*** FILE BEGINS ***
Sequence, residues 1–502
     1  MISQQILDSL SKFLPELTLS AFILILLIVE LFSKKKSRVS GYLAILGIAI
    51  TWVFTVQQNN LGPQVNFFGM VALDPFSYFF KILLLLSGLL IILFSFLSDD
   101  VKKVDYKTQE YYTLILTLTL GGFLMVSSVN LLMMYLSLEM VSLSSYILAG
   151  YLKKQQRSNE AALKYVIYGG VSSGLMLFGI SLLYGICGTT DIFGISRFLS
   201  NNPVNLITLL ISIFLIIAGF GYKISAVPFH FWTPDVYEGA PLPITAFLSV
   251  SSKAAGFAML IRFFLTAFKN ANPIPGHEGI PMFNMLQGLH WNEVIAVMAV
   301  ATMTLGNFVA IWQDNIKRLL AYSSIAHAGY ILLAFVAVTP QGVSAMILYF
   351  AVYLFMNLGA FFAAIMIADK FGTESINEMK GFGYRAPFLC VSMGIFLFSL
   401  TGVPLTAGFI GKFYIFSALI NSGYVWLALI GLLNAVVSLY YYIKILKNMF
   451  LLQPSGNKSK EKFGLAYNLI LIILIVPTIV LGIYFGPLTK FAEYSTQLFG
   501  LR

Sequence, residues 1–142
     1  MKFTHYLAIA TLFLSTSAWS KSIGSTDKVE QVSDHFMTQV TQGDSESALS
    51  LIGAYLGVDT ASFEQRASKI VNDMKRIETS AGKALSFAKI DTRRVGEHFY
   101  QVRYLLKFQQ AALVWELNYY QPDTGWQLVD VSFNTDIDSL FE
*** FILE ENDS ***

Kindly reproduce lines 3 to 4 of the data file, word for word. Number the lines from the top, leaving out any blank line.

    51  TWVFTVQQNN LGPQVNFFGM VALDPFSYFF KILLLLSGLL IILFSFLSDD
   101  VKKVDYKTQE YYTLILTLTL GGFLMVSSVN LLMMYLSLEM VSLSSYILAG